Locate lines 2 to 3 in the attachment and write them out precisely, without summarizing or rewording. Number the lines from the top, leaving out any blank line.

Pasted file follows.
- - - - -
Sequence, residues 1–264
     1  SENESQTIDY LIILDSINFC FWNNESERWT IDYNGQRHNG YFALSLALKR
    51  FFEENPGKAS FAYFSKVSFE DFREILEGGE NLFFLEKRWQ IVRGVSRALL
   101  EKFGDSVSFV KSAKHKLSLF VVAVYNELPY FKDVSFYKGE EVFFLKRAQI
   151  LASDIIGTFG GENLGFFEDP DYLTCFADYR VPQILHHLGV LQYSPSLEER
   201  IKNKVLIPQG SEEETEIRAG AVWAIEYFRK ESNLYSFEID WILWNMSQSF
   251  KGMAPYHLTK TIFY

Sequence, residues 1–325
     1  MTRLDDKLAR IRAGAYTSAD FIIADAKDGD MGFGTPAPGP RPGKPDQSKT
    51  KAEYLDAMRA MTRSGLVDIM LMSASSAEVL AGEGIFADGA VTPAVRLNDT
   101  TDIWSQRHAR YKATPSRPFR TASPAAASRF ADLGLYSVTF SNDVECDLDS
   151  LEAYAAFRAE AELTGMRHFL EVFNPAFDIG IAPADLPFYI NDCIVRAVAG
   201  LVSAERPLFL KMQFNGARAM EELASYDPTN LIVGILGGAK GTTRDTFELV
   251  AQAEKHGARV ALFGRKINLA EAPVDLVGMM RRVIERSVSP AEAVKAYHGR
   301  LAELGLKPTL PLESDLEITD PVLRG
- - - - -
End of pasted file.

     1  SENESQTIDY LIILDSINFC FWNNESERWT IDYNGQRHNG YFALSLALKR
    51  FFEENPGKAS FAYFSKVSFE DFREILEGGE NLFFLEKRWQ IVRGVSRALL